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“That’s why my role as a prime minister, is not going to be to impose my values on other people. It’s to get out of their faces and run a competent government,” said Poilievre.

On climate change, Poilievre told Murphy he believes Canada needs to reduce emissions, but not with a solution that would “shut down the Canadian energy sector.”

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“My view is that we need to green light more green projects. Let’s speed up mining approvals, let’s accelerate nuclear energy production. Let’s allow Quebec to build its hydroelectric dams, with one approval rather than two and gumming it up in bureaucracy. In other words, let’s have an abundance of energy, rather than a poverty of energy that we’re seeing now,” said Poilievre.

Poilievre also argued that the demand for fossil fuels in the world should be supplied by Canada.

“There will be between 60 and 100 million barrels of oil consumed daily by the world over the next couple of decades, according to the International Energy Agency. So where do we want that oil to come from: Newfoundland, Alberta and Saskatchewan or Saudi Arabia, Venezuela, or other more polluting countries?” said Poilievre.

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Poilievre also made a direct pitch to unionized workers who traditionally vote NDP, by arguing that NDP Leader Jagmeet Singh is working against the interests of his own voters by teaming up with the Liberal government with a confidence and supply agreement in the House of Commons.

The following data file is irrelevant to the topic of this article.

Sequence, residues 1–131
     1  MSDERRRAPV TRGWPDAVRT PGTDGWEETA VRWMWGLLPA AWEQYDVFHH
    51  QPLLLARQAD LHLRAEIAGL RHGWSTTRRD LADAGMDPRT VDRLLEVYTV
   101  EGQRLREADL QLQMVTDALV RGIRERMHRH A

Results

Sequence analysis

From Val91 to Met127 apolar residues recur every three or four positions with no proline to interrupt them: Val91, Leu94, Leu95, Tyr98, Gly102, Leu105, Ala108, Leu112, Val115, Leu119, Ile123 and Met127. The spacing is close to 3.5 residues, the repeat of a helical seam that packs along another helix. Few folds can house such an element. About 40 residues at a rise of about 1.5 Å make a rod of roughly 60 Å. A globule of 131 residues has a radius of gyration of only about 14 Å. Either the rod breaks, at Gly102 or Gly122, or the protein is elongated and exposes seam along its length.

“Jagmeet Singh has forgotten who he works for because I can tell you the union workers in the lumber mills of Vancouver Island or in the mines of Northern Ontario that elected NDP members of Parliament did not send their MP to go and work for Justin Trudeau, yet that is what has happened,” said Poilievre.

The Conservative leader’s comments could be a sign that he is hoping for a continuing realignment of the voter base in the next election, with working class voters turning increasingly to the Conservative party rather than left-wing alternatives. A similar swing was recently seen in Ontario with Premier Doug Ford poaching some long-time NDP seats in the 2022 election.

Poilievre chalks it up to a matter of simple policy decisions.

“Good, hard-working union families that like to hunt and drive a truck and raise their families are now represented by an MP that supports a government that’s taking away hunting rifles, taxing people’s energy, and stripping away the very resource jobs that give paycheques to those people. So Jagmeet Singh and his NDP members are literally working against the people they represent in this coalition,” said Poilievre.

Full Comment is a weekly politics podcast from Postmedia, regularly hosted by Brian Lilley, and published every Monday on all podcast platforms.